Bonsai thrives in a sunny spot and leaves of mignonette vine are edible

Rhapis palms turning brown
Rhapis palms turning brownPHOTO: DON FOO

Nutrient deficiency leads to brown leaves

I have a number of rhapis palms in my garden and patio. They are about 1.5m to 1.6m tall. I am curious why the leaves of this plant tend to turn brown at the tips which eventually lead to the whole stalk becoming brown. Is there any treatment to prevent this?

Don Foo

Your plant could be suffering from a deficiency in potassium. The lack of this nutrient occurs in older leaves where the yellow colour starts at the leaf tip and spreads inwards.

Dead, necrotic spots will also appear in such areas. Over time, pathogenic fungi may infect these areas.

Ensure that the soil is not too compacted, regular watering is done and the plant is not growing in waterlogged ground. These factors can affect the potassium uptake by your palm.

You may want to do a soil pH level test and ensure that the value is between six and seven for optimal potassium uptake. Without improving the value of the soil pH level, any addition of a potassium-rich fertiliser will not be of any benefit.

Also, avoid fertilising indiscriminately and excessively.

Excessive unabsorbed nutrients can cause a nutrient imbalance in the soil and this can lead to difficulties in uptake of certain nutrients by plants.


Bonsai thrives in a sunny spot


PHOTO: LEONG TUCK-SUM

Recently, I bought this bonsai. I placed it on the windowsill where it receives morning sunlight. How do I know whether it will thrive in Singapore's weather and what is the watering regimen and fertiliser to use?

Leong Tuck-sum

From the picture, the bonsai may be trained from two plants - namely, Java Feroniella (Feroniella lucida) or the Chinese Pepper (Zanthoxylum beecheyanum). The Java Feroniella may exhibit slender and sharp thorns on its branches, but these may not be obvious on young growth. The Chinese Pepper plant has leaves that emit a distinctive spicy scent when crushed.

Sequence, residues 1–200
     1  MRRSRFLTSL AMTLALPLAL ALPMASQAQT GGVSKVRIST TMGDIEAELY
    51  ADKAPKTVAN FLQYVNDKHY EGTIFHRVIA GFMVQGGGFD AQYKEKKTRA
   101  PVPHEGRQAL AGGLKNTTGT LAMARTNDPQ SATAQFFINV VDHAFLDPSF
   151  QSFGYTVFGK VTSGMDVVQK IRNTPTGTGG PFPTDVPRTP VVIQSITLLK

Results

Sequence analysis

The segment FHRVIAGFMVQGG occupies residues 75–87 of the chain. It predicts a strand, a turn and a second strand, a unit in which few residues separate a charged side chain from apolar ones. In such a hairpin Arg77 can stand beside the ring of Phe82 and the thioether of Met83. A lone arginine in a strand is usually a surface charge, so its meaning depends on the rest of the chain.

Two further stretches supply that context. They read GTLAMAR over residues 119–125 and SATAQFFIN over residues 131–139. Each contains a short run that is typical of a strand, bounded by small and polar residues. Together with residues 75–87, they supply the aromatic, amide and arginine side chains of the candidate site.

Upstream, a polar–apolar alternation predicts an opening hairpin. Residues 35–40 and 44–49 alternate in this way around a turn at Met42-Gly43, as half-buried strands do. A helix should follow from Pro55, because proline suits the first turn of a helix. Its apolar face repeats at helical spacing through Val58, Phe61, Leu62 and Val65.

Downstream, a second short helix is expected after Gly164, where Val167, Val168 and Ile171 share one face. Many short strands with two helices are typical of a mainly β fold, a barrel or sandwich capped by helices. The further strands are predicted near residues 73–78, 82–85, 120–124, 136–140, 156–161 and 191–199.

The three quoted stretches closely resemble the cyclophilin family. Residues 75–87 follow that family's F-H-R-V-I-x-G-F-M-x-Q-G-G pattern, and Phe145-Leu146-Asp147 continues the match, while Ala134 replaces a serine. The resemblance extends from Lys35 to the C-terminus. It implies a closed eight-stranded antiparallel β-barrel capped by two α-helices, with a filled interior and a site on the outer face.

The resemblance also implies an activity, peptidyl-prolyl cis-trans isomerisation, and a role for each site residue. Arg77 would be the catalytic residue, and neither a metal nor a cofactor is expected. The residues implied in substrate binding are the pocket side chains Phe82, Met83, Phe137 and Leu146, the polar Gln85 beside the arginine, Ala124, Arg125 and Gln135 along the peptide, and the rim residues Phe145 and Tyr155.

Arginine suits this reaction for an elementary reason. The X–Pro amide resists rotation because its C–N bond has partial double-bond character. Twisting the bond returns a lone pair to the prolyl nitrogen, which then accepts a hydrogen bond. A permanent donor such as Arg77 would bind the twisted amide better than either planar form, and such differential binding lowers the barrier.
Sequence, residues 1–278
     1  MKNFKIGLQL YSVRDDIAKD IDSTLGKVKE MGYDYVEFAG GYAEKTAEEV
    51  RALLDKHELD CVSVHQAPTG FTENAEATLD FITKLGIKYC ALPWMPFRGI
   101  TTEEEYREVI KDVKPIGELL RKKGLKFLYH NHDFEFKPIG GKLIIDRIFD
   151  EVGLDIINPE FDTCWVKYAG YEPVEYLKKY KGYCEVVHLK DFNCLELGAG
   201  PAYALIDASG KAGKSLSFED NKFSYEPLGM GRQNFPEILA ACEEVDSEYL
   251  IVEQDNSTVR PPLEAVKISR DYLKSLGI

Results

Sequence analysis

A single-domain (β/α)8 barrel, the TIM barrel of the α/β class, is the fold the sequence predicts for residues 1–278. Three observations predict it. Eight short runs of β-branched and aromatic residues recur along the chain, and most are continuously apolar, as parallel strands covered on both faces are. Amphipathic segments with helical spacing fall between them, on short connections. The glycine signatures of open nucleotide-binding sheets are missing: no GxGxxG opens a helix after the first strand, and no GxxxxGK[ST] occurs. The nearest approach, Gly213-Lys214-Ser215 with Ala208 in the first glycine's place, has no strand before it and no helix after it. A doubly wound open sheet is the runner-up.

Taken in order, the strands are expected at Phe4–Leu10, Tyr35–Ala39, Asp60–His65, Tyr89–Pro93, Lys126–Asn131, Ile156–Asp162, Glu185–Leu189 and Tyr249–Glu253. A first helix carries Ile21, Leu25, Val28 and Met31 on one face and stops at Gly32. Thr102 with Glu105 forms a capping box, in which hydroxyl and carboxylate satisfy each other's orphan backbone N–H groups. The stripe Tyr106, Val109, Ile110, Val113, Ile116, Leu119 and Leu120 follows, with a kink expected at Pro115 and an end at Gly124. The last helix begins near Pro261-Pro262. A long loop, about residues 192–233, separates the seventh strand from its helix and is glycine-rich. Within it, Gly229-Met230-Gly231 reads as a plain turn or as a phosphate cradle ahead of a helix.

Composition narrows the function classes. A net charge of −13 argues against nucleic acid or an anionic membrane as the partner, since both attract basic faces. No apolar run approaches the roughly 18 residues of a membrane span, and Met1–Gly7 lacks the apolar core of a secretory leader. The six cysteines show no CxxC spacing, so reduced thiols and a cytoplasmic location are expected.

Both plants prefer a sunny spot with at least four hours of direct sunlight to thrive. Growing media should be kept moist at all times and well-drained. You can use a balanced water-soluble fertiliser to feed your plants - use a more diluted version to avoid burning plants and overly lush growth.


Leaves and tubers of vine edible


PHOTO: CATH LIU

I have had this plant for a while. I am told that it is "tian qi" - the root portion looks like one, but it does not have the scent. Are the leaves edible?

Cath Liu

The plant is commonly known as daun binahong, madeira-vine or mignonette vine. Its botanical name is Anredera cordifolia. This plant is rather fast-growing and can become invasive. It propagates quite easily via the bulbils that are produced on the plant. It is reported to have medicinal properties. Both the leaves and the large tubers (produced underground) are edible.
 


Chinese Box plant needs cool climate to grow well

This will be my fifth attempt to grow Buxus sinica bonsai. My current plant is about 20cm tall and it is growing very slowly. I have had it for four years. I water it every two to three days and it gets the morning sun. During weekends, I let it get more afternoon sun. However, the tips of the leaves turned yellow and brown spots are seen at the edges. The plant seems unhealthy. What should I do?

Dominic Sew

The Chinese Box plant (Buxus sinica) has a natural distribution in China, Korea and Japan. It prefers a cooler, temperate climate to thrive. Hence it will be a challenge to grow this plant well in the lowland, humid tropics. It will exhibit very poor vigour and is likely to suffer from heat stress and be prone to various pests and diseases here.

As such, it is better to select woody plant species that are more suited for Singapore's tropical climate. You can approach the Singapore Penjing and Stone Appreciation Society for advice on bonsai growing.


Orchid buds turn black


PHOTO: NEO SAY HIAN

I plant various types of orchids. For quite some time, I have noticed that my orchid blooms tend to have buds that dry up (usually blackened) at the end of the flower stalks. I tried various pesticides and fungicides with only minimal improvement. How can I resolve this?

Neo Say Hian

Symptoms such as spots on flowers and the inflorescence tip die-back could be due to a fungal disease that has infected the floral parts. This is prevalent during the rainy season.

Prune infected parts to reduce the spread of the disease. Consider protecting plants with a clear shelter that allows sunlight through but keeps excessive rain out. Also, improve air circulation around the plants.

You can try applying a chemical preventative fungicide such as captan or benlate, which are commonly available in local nurseries. Follow the product's label instructions for the dosage and frequency of application.

• Answers by Dr Wilson Wong, a certified practising horticulturist and founder of Green Culture Singapore (www.greenculturesg.com). He is also an NParks-certified park manager.

• Have a gardening query? E-mail it with clear, high-resolution pictures of at least 1MB, if any, and your full name to stlife@sph.com.sg

A version of this article appeared in the print edition of The Straits Times on January 06, 2018, with the headline 'Root Awakening'. Print Edition | Subscribe